Having a Ureteric Stent - What to Expect and How to Manage
In patients who have, or might have, an obstruction (blockage) of the kidney, an internal drainage tube called a ‘stent’ is commonly placed in the ureter, between the kidney and the bladder. This is placed there in order to temporarily relieve the obstruction.
Your urologist is planning to use such a stent for you
The information presented here explains the benefits to be derived from ureteric stents and mentions some of the drawbacks that patients might experience. It is divided into two parts.
Your urologist will explain the specific details applicable to you
This information is designed for use by patients who are going to have a stent inserted. It will also be of help to health care professionals involved in your care or anyone who wishes to know more about ureteric stents. At the end there is information about your kidney condition and stent.
How can the obstruction be relieved?
What is a Ureteric Stent?
How is a ureteric stent put in place?
How long will the stent stay in the body?
How is a stent removed?
Is there an alternative option to the use of a stent?
What are the possible side effects?
Duration of the side effects - can they improve?
Can the side effects interfere with daily life?
What other complications are possible?
Is there a possibility of a urinary tract infection?
What care do I need to take?
When should I call for help?
The kidneys produce urine. Normally there are two kidneys situated in the upper part of the abdomen,
towards the back. The urine formed in the kidney is carried to the bladder by a fine muscular tube called a ureter.
The urinary bladder acts as a reservoir for the urine and, when it is full, it is emptied via the urethra (water passage).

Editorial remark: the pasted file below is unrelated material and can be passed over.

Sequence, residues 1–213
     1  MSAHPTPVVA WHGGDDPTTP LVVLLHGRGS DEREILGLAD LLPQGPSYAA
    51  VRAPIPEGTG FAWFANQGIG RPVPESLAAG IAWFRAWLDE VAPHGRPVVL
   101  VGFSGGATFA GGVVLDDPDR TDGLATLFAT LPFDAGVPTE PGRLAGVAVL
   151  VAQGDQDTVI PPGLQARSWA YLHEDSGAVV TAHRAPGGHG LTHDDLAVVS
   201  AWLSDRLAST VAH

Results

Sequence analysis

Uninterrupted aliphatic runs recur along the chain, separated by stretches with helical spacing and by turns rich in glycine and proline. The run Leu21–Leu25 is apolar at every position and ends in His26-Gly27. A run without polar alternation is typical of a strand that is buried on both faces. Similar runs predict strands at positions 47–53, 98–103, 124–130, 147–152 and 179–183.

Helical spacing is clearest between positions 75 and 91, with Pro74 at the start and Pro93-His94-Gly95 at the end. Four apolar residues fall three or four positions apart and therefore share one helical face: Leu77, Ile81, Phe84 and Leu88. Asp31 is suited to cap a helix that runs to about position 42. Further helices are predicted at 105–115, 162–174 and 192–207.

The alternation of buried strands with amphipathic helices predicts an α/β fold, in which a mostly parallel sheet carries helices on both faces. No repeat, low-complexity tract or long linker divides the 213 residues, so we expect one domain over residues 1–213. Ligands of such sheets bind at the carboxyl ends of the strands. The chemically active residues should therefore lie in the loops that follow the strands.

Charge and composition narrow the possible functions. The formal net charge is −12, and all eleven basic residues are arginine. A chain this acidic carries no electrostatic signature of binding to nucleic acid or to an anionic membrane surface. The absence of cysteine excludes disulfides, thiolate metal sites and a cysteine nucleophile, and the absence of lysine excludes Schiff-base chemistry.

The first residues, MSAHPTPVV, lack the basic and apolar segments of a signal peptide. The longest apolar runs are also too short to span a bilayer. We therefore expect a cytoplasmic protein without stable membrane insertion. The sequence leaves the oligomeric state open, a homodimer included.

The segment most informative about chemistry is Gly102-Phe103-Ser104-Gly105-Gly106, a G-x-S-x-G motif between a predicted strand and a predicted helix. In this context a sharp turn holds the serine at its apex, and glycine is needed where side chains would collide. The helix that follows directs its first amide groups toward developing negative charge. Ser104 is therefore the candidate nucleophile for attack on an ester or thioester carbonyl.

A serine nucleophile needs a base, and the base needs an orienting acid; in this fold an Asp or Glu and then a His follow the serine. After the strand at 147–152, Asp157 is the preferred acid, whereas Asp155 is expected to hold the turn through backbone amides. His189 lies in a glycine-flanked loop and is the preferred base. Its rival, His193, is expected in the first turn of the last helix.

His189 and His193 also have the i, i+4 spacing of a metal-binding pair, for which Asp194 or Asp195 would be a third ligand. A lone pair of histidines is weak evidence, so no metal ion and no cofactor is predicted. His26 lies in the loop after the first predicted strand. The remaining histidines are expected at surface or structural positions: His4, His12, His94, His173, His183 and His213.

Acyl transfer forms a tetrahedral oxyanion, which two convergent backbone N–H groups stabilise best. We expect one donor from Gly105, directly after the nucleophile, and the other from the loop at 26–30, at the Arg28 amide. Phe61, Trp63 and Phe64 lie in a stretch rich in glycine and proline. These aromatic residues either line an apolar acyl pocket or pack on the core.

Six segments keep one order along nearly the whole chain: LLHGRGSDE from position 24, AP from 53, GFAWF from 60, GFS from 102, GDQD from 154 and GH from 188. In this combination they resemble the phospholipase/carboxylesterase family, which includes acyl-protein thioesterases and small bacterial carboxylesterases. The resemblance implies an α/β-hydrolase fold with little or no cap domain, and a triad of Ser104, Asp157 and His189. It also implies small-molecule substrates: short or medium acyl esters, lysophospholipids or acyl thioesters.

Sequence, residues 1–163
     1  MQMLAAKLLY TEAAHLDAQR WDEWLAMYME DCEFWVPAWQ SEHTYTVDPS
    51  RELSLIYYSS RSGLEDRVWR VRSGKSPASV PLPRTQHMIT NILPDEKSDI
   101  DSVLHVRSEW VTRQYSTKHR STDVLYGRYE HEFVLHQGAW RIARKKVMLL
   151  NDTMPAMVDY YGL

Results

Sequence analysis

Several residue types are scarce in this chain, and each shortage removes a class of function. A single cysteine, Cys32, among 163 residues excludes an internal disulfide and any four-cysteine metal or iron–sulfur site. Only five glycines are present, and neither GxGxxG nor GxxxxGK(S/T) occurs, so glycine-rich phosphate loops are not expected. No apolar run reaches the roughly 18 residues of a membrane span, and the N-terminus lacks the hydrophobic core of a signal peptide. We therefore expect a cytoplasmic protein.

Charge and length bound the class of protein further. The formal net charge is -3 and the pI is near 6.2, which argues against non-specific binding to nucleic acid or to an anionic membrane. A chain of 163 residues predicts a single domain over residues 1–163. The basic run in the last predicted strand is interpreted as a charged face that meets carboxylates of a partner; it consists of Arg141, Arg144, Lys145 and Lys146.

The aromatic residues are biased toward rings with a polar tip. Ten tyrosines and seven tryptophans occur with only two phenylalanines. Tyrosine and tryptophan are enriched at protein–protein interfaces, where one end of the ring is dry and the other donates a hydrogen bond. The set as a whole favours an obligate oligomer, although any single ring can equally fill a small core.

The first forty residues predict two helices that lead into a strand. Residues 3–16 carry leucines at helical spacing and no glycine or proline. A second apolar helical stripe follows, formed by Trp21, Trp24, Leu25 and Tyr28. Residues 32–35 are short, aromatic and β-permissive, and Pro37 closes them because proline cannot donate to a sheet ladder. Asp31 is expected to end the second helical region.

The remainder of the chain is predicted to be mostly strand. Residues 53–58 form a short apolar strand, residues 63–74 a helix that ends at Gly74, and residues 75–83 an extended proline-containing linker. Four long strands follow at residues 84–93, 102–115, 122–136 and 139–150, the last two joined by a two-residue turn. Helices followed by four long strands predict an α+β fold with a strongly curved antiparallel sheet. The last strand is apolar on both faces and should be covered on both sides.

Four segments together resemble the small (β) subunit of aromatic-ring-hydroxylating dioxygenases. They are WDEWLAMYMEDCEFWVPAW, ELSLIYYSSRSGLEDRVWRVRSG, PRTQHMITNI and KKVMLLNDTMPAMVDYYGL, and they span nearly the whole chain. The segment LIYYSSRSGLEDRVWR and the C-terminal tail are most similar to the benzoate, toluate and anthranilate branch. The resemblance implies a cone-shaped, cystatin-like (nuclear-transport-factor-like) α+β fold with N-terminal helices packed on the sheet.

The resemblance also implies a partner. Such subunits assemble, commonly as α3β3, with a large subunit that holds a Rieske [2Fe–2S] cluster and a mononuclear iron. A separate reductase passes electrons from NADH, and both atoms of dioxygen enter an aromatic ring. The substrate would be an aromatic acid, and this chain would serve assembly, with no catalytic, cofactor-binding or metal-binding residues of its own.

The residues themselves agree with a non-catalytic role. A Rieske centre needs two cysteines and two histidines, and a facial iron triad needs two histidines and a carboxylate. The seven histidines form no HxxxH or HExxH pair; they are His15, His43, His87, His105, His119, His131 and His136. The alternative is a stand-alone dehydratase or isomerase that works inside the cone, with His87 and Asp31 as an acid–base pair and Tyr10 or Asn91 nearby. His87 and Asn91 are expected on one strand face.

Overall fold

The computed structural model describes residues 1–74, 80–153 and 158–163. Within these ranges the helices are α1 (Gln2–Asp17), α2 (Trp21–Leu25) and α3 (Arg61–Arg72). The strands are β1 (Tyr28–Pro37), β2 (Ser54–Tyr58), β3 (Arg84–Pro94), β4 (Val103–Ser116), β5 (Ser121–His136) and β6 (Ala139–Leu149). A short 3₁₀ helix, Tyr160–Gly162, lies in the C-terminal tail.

Common causes of obstruction of the kidneys and ureter are:
Occasionally, obstruction can occur because of diseases of the prostate or tumours of the urinary system. Your urologist will provide further details applicable to you.
Whenever there is an obstruction, pressure builds up behind the kidney. Due to high pressure, the function of the kidneys starts to suffer over a period of weeks. The obstruction can also cause stagnation of the urine, which can lead to infection and further damage to the kidneys. It is, therefore, important to relieve or prevent obstruction of the kidney.
It is not always possible to identify what has caused an obstruction and to treat this immediately. It is therefore essential to relieve the obstruction on a temporary basis before treatment is carried out.
Also, following an operation on the ureters, it takes time for the ureters to heal and a temporary measure to prevent obstruction becomes essential. This is commonly achieved by inserting a ureteric stent to make a channel for the urine to pass and allow the kidneys to drain.
A ureteric stent is a specially designed hollow tube, made of a flexible plastic material that is placed in the ureter. The length of the stents used in adult patients varies between 24 to 30 cm. Although there are different types of stents, all of them serve the same purpose (see Figure 2).
Your urologist can explain in detail about the different types of stents.
The stents are designed to stay in the urinary system by having both the ends coiled. The top end coils in the kidney and the lower end coils inside the bladder to prevent its displacement. The stents are flexible enough to withstand various body movements.
Usually a stent is placed under a general anaesthetic using a special telescope (cystoscope) which is passed through the urethra into the bladder.
The stents are then placed in the ureter and kidney via the opening of the ureter in the bladder.
The stent may be inserted as an additional part of an operation on the ureter and kidney (e.g. ureteroscopy).
Occasionally they are placed from the kidney down to the bladder using special x-ray techniques. The correct position of a stent is checked by taking a x-ray.
There is no hard and fast rule about this. The stent has to be kept in place as long as necessary, i.e. until the obstruction is relieved. This depends on the cause of obstruction and the nature of its treatment. In the majority of patients, the stents are required for only a short duration, from a few weeks to a few months. However, a stent in the right position can stay in for up to three months without the need to replace it. When the underlying problem is not a kidney stone, the stent can stay in even longer. There are special stents, which may be left in for a much longer time. Your urologist will tell you how long he expects your stent to remain in place.